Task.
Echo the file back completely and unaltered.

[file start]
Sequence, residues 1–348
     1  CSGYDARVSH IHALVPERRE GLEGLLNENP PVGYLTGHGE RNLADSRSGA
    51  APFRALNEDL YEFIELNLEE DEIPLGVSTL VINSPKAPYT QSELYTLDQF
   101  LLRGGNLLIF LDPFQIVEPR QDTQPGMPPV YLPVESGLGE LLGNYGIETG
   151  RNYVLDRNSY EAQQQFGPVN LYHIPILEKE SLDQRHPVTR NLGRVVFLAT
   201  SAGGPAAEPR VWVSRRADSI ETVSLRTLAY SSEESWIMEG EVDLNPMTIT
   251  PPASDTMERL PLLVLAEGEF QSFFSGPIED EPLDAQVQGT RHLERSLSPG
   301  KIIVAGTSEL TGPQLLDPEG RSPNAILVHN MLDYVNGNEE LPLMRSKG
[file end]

Sequence, residues 1–348
     1  CSGYDARVSH IHALVPERRE GLEGLLNENP PVGYLTGHGE RNLADSRSGA
    51  APFRALNEDL YEFIELNLEE DEIPLGVSTL VINSPKAPYT QSELYTLDQF
   101  LLRGGNLLIF LDPFQIVEPR QDTQPGMPPV YLPVESGLGE LLGNYGIETG
   151  RNYVLDRNSY EAQQQFGPVN LYHIPILEKE SLDQRHPVTR NLGRVVFLAT
   201  SAGGPAAEPR VWVSRRADSI ETVSLRTLAY SSEESWIMEG EVDLNPMTIT
   251  PPASDTMERL PLLVLAEGEF QSFFSGPIED EPLDAQVQGT RHLERSLSPG
   301  KIIVAGTSEL TGPQLLDPEG RSPNAILVHN MLDYVNGNEE LPLMRSKG